“Mechanized Combat Task Force Sierra – Detachment 5, called ‘D5′ in brief, called ‘Dead Five” in grim brief, was made up of a slurry of men and equipment. There were twenty-five trucks, all that remained from a column that had been annihilated in an ill-fated campaign sprung straight from a newly-minted officer’s brain; fifteen half-tracks so fresh from the plant in Charlotte that you couldn’t lean on them without getting green on your hands; a handful of Humvees that were a repurposing of a repurposing; and one fat, mean tank named by the skinny mechanics responsible for this step-family of machinery as Meghan, after a First Sergeant’s second ex-wife.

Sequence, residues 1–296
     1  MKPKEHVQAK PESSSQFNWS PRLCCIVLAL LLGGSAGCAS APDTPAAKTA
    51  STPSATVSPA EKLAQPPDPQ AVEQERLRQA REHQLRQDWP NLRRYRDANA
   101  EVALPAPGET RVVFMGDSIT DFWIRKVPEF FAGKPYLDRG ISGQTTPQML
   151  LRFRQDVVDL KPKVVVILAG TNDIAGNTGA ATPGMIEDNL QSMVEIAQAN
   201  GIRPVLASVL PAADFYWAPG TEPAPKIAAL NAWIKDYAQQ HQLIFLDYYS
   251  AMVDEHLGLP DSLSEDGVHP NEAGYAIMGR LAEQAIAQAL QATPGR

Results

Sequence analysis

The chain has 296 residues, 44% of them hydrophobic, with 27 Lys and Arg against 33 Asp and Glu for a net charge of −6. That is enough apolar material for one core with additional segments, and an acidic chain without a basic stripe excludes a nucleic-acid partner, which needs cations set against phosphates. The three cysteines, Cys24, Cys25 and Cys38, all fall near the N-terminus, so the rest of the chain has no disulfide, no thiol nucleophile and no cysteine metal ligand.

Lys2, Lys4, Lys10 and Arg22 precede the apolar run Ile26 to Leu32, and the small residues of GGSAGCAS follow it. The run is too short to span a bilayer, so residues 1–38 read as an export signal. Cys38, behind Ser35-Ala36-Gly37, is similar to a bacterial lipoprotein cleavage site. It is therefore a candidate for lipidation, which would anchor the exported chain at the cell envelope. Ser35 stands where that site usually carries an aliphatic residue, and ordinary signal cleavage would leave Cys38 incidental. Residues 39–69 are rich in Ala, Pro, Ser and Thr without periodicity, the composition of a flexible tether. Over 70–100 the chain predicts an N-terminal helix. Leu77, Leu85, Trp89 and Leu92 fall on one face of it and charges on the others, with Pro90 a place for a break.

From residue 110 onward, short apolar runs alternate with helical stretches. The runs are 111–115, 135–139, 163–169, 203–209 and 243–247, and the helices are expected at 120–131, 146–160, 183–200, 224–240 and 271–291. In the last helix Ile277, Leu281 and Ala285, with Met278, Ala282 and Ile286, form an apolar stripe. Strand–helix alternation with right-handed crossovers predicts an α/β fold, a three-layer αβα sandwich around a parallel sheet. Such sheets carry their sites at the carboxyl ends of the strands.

The boys who filled the bowels of these vehicles were hardly older than the vehicles themselves. They hailed from the thin, stretched out out parts of cities like Witchita, Oklahoma City, San Francisco and Miami. Most came alone, although there was a strangely large contingent of lads from Indianapolis, all of whom were as crisp and fresh-cheeked as winter apples. In the chaparral heat, they refrained from typical army formality, including modes of dress, instead supplanting the rigors of military discipline with a quiet, flexing code of efficiency and moroseness. First Sergeant was named Gib. He wore aviators, a practice which typically would get you jeered out of an Army camp, but which he retained from his time on a navy gunship. He was a religious man. Deeply intolerant. Prone to violence. And my best friend.”